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Higher Education and Research Bill - Committee (6th Day)

Part of the debate – in the House of Lords at 7:45 pm on 25th January 2017.

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Photo of Baroness Royall of Blaisdon Baroness Royall of Blaisdon Labour 7:45 pm, 25th January 2017

My Lords, I too have added my name to the amendment. Everything has already been said. I would merely say that Nick Pearce is now a professor at the University of Bath—so that is good, isn’t it?

Like the noble Lord, Lord Patten, and all other noble Lords, I find it particularly bizarre that in this brave new world, where we want to be outward-facing, persuade the world to trade with us and attract people to study at our universities, we still persist in including students in the immigration figures, which, as the noble Baroness has just said, sends out bad feelings. It is perception that is important. The noble Lord may be right that we are welcoming everyone but, even if that were true—and I am not sure it is—the perception is that we are not, and that is a big problem.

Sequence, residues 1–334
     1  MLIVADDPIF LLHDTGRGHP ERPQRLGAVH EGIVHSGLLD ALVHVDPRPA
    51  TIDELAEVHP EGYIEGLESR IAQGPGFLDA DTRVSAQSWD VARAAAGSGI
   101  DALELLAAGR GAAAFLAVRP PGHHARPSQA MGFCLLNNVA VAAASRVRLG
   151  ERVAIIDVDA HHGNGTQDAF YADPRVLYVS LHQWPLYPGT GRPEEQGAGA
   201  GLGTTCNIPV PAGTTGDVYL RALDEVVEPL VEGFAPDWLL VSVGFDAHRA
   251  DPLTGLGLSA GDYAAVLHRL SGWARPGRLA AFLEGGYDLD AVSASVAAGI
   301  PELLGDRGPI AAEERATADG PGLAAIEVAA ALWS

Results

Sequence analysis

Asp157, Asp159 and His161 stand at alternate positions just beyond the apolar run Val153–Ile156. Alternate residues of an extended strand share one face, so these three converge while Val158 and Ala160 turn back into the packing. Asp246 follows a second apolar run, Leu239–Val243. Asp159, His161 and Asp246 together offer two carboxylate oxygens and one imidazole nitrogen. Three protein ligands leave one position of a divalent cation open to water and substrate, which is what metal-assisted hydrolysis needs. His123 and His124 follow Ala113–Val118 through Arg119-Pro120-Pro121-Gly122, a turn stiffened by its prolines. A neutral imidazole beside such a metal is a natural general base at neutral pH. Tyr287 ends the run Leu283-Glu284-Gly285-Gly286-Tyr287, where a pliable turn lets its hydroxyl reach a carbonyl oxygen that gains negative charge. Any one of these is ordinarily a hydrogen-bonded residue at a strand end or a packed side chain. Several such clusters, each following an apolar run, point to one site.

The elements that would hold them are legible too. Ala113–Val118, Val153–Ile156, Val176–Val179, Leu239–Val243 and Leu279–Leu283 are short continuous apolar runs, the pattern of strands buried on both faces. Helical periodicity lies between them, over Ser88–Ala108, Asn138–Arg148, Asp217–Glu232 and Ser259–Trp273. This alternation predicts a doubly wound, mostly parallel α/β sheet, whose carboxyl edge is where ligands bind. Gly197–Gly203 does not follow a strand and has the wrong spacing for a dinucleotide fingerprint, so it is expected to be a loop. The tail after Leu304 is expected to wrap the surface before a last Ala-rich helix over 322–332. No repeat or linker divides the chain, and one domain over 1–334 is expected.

In an earlier debate on an amendment tabled by the noble Lord, Lord Lucas, which unfortunately I missed although I supported his amendment, he said he was searching for ways in which,

“the university sector could organise and present itself so that the nation would be on its side and it would be equipped with the data”.—[Official Report, 11/1/17; col. 1999.]

Of course I agree with that, but I would add, as the noble Lord, Lord Patten, said, that the public are already onside, with 57% of them saying that foreign students should not be in the immigration figures compared with 32% who thought that they should be. So as the Government are so determined to pursue a hard Brexit because a mere 52% of the population voted in favour of leaving the EU while 48% were against, why can they not now act on the 57% who say that they would be content with taking students out of the immigration figures?

We are all against bogus institutions, and we are glad that the Government have acted on that. We are all against those who overstay, but the figures on overstaying cited in the past by the Government are, at best, merely estimated and, at worst, being used for political ends. When will better data be available, and when will the consultation on the study immigration route be concluded?

I well understand the political importance of immigration and immigration figures, as well as the concerns expressed by the citizens of our country. However, bona fide students studying at bona fide institutions are not economic migrants but visitors, and that is the view of the people of this country. I hope that the Government will act accordingly.